Retail banks in the UK will have to shake themselves out of a state of customer experience complacency if they are to stave off the threat of newer, disruptive entrants to the industry in the next few years, according to research conducted by Redshift Research.
The study was conducted on behalf of strategic business applications provider Pegasystems Inc. (NASDAQ: PEGA), and raises significant questions about whether retail banks are doing enough to address the threat of disruptive services.
Based on responses from 1,000 UK banking customers and 50 business decision makers at retail banks in the UK, the survey found that more than a quarter (26 per cent) of all consumers said that they would consider moving away from traditional banks to newer, more innovative banking providers in the future. Perhaps ominously, a third (36 per cent) of UK banks also admitted that they already see new digital services as their biggest competition.
The survey follows a report, published by the Institute of Customer Service, which suggested that the banking sector only comes 6th out of 13 sectors for customer loyalty. The UK Customer Satisfaction Index also revealed that when it comes to the online experience, customers score banks at a lower level than the pan-sector, national average.
Despite this, almost two thirds (64 per cent) of UK banks claimed that they understand their customers and their needs as individuals. Just 21 per cent of customers agreed with this statement, despite the fact that nearly half (46 per cent) of all consumer respondents said that having a customer service team that listens to them and understands their needs was one of their top three customer service considerations. Similarly, more than half (52 per cent) of banking decision makers claimed that their organisation responds quickly ‘every time’ to customers requiring service – a statement that was backed up by only 31 per cent of banking customers.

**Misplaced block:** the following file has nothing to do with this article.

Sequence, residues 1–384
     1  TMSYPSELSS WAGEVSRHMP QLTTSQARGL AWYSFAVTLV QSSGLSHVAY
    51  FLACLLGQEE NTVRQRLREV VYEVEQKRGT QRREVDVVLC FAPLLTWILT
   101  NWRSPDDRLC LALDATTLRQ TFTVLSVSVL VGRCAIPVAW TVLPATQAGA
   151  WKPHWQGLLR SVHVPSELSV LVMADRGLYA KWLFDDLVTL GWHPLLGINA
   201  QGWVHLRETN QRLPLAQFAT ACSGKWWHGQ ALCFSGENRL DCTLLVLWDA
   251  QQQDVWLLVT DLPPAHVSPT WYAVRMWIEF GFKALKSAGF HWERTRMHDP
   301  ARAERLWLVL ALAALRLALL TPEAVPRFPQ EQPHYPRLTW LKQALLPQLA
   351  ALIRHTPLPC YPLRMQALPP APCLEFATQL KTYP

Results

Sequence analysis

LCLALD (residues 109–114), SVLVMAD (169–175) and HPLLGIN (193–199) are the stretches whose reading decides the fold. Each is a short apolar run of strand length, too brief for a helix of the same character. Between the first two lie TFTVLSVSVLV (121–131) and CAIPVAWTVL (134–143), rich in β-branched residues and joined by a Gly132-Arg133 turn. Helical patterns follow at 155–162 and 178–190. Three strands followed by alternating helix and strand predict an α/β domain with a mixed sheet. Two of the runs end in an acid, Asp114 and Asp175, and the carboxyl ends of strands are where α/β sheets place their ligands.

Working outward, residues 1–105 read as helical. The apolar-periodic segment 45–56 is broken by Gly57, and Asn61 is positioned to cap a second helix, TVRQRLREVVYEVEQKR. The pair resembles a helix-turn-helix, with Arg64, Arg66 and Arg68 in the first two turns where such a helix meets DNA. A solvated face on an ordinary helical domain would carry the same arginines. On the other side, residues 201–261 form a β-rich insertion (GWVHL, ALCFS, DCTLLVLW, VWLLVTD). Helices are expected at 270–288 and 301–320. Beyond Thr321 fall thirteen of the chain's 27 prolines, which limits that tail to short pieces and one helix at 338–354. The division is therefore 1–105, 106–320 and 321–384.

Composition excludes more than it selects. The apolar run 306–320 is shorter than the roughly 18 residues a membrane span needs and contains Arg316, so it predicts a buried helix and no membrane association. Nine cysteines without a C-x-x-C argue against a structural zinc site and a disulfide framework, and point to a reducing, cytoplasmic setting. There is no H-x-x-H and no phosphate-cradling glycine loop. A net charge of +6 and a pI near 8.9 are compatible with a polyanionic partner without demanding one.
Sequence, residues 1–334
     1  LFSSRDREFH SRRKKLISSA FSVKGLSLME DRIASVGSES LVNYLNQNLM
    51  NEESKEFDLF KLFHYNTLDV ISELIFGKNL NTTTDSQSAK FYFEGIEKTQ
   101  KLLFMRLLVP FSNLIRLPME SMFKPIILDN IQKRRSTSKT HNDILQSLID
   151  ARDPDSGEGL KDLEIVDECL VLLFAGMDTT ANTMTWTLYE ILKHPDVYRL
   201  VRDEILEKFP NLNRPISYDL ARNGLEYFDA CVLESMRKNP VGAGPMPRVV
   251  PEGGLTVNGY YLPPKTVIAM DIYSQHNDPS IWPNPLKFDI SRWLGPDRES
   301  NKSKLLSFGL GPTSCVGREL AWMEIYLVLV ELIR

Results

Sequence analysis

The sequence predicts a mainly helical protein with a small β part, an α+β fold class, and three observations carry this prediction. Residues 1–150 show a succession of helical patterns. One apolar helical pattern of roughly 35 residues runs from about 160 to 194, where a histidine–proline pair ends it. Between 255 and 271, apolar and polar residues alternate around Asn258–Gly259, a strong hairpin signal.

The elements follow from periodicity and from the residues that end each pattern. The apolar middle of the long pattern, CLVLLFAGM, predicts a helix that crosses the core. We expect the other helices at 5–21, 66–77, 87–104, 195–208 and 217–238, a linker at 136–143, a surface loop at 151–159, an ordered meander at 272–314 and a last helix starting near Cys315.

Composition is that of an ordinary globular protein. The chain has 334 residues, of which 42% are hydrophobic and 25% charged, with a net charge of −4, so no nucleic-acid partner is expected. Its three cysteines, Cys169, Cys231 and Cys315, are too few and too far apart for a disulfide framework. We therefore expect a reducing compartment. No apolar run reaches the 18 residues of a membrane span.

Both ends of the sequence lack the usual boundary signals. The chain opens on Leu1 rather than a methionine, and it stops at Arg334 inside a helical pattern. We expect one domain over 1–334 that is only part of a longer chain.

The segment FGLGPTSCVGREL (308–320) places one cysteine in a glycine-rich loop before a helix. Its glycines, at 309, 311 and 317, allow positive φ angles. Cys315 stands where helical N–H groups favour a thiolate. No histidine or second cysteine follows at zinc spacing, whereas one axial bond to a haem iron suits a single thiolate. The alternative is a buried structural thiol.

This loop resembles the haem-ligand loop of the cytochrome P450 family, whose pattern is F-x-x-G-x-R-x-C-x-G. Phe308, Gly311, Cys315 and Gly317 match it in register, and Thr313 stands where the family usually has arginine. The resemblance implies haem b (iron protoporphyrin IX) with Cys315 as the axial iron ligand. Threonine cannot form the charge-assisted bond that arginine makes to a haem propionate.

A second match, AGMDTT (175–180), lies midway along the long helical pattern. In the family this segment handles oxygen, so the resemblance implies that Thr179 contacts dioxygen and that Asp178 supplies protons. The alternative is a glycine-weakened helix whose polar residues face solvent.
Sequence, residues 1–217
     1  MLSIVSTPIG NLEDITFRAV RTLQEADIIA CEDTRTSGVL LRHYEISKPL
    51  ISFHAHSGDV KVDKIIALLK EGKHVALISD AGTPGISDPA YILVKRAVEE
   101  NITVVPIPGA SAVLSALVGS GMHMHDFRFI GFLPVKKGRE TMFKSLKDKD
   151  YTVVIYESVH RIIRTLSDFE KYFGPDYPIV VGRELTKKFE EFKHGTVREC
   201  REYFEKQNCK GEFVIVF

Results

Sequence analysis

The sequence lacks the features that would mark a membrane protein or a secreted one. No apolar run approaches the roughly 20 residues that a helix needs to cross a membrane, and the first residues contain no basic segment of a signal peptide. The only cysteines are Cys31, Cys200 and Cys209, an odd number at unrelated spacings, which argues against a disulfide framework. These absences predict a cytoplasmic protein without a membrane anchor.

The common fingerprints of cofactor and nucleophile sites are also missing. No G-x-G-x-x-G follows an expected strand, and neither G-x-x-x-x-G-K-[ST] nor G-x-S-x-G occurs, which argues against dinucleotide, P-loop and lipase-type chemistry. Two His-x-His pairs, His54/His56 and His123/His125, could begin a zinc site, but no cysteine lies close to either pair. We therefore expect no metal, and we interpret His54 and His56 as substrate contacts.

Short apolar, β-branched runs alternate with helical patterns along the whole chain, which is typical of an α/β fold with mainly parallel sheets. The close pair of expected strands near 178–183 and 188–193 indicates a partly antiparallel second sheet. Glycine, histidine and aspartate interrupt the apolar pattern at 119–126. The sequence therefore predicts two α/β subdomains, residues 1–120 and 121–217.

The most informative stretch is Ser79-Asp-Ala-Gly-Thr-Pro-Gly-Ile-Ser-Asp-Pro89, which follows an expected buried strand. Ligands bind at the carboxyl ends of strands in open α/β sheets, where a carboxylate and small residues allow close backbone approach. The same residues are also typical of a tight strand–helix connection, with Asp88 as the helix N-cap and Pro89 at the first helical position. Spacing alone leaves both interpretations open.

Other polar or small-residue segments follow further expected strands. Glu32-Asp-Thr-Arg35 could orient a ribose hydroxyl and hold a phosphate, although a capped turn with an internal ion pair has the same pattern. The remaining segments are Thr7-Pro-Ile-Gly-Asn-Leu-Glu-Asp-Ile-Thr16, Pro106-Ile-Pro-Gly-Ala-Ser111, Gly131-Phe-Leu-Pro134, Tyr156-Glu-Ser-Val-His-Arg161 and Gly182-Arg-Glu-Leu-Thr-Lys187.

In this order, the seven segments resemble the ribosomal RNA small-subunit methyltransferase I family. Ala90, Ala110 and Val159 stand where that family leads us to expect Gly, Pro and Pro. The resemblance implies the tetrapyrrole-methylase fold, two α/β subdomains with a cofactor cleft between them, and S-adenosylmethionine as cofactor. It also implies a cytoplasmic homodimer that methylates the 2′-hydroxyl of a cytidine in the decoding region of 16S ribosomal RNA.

This sizeable gap between the customer experience on offer and what is expected suggests that a degree of complacency has crept into traditional retail banking providers, as illustrated by the fact that more than one in ten (12 per cent) customers do nothing when they receive poor customer service from their bank, because they are resigned to it as a way of life. With a third (32 per cent) of banking decision makers admitting that customer service is ‘always’ the primary reason that customers choose to move to another provider, it seems that many existing banks are overestimating the customer experience they offer and leaving the door open to newer, more innovative providers.
Commenting on the findings, Jo Causon, CEO of the Institute of Customer Service, said: “Now that customers can switch bank accounts within seven days, they are more aware of the options and more likely to consider changing. There is no longer apathy brought about by uncertainty, meaning that strong customer service is now a key competitive advantage in the marketplace. In what is becoming a relationship-driven economy, if customers are not happy they will vote with their feet and move to the competition.”
Scott Andrick, Industry Principal of Retail Banking at Pegasystems, said: “The gap between the expected customer experience and what is actually delivered can be one of the most difficult things for any organisation to measure, but one of the most important to act upon. Retail banks will find that unless they are able to understand the needs of their customers and address their concerns quickly, effectively, and proactively, they will see more and more jumping ship from traditional providers to newer, more innovative suppliers. Today, the needle of customer expectation has moved further than ever before. To keep up with it, traditional banks will increasingly need to ensure that they are able to communicate effectively with their customers across all channels, anticipate potential problems before they arise, and resolve them quickly when they do.”